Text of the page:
D&D 5E Psionics in a sci-fi D&D

How would you do it?

  • Reskin magic

    Votes: 46 35.1%
  • Totally new system

    Votes: 85 64.9%


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Pedantic Grognard
following your rationalisation to its logical conclusion just end with us not making anything and just playing a weak wizard, to seek to do something is important regardless of how likely we are to succeed.
What one should seek to do is entirely dependent on what end one wants to achieve.

If the end sought is making an interesting psionics system for psionics fans, then as I pointed out myself, deliberately making something different and complicated and powerful is the correct thing to do.

But the question being asked by Morrus was not "how to make a psionics system for D&D to sell to psionics fans".

If the end sought is making a new game that strongly models some specific vision of a sci-fi world, and one is designing a psionics system from scratch to support that vision, something different and complicated and powerful is also fine.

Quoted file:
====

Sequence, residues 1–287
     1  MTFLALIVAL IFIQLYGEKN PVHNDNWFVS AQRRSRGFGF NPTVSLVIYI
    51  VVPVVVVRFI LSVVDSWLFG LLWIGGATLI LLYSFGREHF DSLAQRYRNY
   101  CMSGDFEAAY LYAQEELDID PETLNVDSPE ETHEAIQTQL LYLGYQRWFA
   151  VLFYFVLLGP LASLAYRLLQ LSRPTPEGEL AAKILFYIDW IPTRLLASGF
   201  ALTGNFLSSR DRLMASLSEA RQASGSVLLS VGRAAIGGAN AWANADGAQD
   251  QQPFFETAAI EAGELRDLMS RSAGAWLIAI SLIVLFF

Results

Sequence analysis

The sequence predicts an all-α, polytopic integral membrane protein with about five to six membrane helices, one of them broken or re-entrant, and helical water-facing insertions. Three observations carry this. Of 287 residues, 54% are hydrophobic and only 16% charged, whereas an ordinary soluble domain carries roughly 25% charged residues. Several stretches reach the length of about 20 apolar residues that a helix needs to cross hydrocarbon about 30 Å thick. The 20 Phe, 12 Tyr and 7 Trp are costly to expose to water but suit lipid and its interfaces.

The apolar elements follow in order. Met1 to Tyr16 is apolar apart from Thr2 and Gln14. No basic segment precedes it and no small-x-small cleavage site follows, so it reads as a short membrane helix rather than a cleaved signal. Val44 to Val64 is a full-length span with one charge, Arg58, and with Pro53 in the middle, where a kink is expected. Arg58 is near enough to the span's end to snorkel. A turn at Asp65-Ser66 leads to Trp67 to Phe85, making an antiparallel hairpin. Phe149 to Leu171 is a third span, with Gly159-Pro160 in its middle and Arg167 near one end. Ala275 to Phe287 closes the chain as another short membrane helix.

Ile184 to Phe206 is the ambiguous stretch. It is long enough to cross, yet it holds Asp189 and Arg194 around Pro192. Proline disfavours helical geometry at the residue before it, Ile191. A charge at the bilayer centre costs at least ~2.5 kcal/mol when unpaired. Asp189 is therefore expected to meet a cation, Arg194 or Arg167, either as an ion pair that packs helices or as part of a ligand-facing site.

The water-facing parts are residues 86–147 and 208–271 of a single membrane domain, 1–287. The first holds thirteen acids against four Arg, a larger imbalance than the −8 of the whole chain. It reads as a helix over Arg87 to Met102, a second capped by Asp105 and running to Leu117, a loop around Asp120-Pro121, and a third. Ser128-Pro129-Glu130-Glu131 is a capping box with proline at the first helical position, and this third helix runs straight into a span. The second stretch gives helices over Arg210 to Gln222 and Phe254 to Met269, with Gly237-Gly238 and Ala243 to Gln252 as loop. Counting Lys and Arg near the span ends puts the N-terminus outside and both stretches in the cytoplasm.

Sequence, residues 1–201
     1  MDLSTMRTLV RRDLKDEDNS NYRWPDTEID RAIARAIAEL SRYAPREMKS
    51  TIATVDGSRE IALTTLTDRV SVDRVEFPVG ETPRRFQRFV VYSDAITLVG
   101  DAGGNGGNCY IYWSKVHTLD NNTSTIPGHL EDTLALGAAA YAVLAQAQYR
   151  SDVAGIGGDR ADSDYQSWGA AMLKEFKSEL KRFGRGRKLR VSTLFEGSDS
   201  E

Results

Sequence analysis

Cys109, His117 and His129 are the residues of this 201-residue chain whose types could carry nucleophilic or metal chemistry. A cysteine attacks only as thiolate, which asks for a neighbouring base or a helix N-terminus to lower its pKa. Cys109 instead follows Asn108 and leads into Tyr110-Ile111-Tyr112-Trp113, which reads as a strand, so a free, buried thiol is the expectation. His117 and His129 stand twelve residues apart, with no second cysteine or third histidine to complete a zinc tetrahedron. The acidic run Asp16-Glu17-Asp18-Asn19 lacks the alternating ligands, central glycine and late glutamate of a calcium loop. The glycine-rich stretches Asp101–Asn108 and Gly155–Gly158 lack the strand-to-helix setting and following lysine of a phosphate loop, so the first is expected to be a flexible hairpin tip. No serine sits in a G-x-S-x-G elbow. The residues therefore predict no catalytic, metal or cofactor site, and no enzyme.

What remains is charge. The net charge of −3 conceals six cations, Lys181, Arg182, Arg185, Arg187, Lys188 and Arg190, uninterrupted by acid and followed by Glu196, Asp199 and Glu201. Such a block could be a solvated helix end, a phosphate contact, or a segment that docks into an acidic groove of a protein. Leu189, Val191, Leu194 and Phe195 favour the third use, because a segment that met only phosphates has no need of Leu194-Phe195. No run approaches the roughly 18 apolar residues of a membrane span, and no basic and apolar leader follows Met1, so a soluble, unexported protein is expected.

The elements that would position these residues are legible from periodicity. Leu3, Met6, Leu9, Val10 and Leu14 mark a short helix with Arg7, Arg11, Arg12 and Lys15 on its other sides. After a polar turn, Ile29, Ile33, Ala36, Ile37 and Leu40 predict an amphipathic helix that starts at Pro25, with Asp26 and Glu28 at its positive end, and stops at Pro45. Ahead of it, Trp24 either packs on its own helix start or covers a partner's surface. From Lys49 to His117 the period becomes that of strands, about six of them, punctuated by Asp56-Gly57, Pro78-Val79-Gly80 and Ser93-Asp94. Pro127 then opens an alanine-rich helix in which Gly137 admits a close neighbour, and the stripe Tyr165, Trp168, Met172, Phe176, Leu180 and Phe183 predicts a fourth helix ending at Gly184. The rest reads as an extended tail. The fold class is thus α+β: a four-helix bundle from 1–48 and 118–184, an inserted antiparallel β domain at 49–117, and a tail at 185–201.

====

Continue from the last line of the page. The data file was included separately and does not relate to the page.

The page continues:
But the question being asked by Morrus was not "how should psionics work to model (this specific vision of a sci-fi world)." Indeed, it would have been illogical to take the form of psionics to a poll in that case, since it should already be clear whether reskinned magic fits a specific vision.

However, if the end sought is taking D&D 5th edition, and publishing a "sci-fi" version of it, making the psionics system something very different and complicated and powerful is, simply, choosing to spend a lot of effort on reducing the market for the eventual published product.

@Morrus knows his own goal, presumably. How he pursues psionics should be directed by that goal.
 


Maxperson

Morkus from Orkus
Officially, psionics is magic.

This thread sometimes distinguishes between magic and psionics perhaps because of 1e and 2e.

However, 3e officially uses "transparency".